The Longest Night by Gavin Mortimer
The Bombing of London on May 10, 1941

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The Longest Night reveals the untold story of the horrific bombing raid that almost brought Britain to military collapse - using extensive survivors' testimony and previously classified documents to reveal just how close the Luftwaffe came to total victory. This vivid, dramatically told account depicts how fate shifted based on Hitler's mistaken belief that he'd actually lost the air war over Britain - and portrays the unsurpassed, "we-can-take-it" bravery of the British people when they'd been pushed beyond all human endurance.

About Gavin Mortimer

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Gavin Mortimer is the author of Stirling's Men (Weidenfeld & Nicolson, 2004), a ground-breaking history of the early operations of the SAS, The Longest Night: Voices from the London Blitz (Weidenfeld & Nicolson, 2005) and The Blitz: An Illustrated History (Osprey, 2010). An award-winning writer whose books have been published on both sides of the Atlantic, Gavin has previously written for The Telegraph, The Sunday Telegraph, The Observer and Esquire magazine. He continues to contribute to a wide range of newspapers and magazines from BBC History to the American Military History Quarterly. In addition he has lectured on the SAS in World War Two at the National Army Museum.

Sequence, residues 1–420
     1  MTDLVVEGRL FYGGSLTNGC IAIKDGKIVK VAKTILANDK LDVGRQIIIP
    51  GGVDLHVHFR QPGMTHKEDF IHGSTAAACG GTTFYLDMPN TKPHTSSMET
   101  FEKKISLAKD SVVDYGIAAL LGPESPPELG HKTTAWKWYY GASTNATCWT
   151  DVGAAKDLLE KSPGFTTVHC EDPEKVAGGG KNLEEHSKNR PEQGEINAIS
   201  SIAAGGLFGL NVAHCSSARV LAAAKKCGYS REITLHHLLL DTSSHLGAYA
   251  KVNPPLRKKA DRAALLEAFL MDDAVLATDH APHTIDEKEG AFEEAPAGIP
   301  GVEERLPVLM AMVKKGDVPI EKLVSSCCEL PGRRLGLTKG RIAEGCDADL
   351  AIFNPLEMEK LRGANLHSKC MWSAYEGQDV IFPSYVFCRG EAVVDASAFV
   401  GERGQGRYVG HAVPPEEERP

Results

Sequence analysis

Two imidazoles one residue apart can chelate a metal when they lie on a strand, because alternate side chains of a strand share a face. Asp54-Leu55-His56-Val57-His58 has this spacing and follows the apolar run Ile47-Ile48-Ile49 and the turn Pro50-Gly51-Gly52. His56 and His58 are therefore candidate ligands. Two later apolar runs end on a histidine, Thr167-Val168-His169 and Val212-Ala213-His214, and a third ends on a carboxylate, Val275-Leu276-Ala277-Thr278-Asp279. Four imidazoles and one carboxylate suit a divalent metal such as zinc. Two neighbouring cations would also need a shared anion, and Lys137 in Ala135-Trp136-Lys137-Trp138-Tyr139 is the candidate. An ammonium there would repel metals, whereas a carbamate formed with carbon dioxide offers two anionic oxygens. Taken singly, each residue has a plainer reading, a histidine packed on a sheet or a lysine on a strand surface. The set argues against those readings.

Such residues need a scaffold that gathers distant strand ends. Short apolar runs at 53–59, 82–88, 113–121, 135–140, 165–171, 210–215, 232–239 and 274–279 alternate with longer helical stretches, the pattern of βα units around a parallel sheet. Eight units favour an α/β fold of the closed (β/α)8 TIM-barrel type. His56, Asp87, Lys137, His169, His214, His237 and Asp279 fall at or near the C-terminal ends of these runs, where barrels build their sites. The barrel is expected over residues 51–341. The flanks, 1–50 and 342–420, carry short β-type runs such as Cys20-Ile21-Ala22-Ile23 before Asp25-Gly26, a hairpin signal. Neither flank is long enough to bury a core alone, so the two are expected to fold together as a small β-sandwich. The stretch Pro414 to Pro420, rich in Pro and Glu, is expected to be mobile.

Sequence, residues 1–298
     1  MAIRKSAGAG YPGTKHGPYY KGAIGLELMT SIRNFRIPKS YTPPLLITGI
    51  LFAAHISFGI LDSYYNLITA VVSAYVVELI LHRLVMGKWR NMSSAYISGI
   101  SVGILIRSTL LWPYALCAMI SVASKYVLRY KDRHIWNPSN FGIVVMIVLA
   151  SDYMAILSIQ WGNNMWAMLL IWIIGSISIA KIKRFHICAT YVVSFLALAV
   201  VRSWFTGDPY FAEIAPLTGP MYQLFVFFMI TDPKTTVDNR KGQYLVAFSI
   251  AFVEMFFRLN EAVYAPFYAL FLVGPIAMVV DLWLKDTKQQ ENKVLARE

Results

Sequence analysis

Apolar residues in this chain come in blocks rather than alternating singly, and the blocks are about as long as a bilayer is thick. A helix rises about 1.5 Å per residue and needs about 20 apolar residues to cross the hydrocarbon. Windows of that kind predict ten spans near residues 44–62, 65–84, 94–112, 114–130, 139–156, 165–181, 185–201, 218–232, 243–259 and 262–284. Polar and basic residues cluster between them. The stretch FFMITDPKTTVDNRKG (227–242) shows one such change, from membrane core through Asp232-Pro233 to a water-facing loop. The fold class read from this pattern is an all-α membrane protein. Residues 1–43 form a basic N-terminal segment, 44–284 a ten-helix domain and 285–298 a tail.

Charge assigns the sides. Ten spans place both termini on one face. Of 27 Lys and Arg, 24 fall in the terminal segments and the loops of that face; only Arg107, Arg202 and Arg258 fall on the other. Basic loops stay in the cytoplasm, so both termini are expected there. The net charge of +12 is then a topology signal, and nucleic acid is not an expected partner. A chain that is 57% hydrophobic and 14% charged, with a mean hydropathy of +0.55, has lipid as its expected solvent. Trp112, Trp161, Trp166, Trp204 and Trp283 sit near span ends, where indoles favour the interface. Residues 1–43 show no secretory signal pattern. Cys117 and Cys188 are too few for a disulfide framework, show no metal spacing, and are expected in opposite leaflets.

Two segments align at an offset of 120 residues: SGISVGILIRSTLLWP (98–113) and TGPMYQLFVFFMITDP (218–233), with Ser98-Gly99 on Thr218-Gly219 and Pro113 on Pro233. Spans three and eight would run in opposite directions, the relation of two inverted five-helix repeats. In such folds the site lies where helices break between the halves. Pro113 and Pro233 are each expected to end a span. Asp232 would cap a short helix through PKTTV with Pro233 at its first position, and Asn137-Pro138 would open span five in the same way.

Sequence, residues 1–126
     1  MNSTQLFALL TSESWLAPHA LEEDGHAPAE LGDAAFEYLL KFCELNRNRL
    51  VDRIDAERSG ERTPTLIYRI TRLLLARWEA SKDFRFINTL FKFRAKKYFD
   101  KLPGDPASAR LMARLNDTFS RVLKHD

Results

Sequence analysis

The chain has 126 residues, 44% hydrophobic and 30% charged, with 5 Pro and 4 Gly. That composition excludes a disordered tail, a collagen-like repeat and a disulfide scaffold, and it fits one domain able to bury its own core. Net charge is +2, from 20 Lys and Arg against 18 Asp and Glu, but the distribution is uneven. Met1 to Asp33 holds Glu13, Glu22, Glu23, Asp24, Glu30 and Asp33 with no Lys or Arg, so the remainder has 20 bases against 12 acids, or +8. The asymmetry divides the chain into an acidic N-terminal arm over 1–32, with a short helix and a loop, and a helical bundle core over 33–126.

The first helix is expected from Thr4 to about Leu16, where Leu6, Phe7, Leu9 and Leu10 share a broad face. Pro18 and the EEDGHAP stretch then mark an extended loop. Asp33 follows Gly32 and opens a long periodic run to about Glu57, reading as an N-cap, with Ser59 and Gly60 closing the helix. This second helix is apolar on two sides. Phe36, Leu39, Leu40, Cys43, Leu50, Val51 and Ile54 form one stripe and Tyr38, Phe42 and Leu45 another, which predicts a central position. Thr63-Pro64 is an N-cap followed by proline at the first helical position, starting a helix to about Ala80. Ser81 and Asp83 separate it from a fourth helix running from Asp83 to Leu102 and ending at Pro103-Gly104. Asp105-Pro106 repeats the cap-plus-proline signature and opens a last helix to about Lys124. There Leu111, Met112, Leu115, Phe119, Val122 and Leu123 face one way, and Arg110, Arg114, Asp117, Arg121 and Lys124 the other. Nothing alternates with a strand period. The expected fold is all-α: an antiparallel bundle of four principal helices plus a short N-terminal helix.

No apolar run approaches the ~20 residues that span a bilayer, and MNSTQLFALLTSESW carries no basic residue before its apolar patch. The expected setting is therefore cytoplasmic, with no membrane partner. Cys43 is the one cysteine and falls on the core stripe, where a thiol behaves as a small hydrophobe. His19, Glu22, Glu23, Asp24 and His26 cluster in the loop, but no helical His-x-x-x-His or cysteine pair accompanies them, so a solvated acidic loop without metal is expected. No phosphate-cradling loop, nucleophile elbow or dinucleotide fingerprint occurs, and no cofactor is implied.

Published October 3, 2006 by Berkley. 396 pages
Genres: History, Travel, War. Non-fiction

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Mortimer offers an engaging, down-to-the-minute retelling of May 10–11, 1941, the night hundreds of German warplanes bombed London relentlessly, threatening Britain’s standing in the war.

Sep 01 2005 | Read Full Review of The Longest Night: The Bombin...

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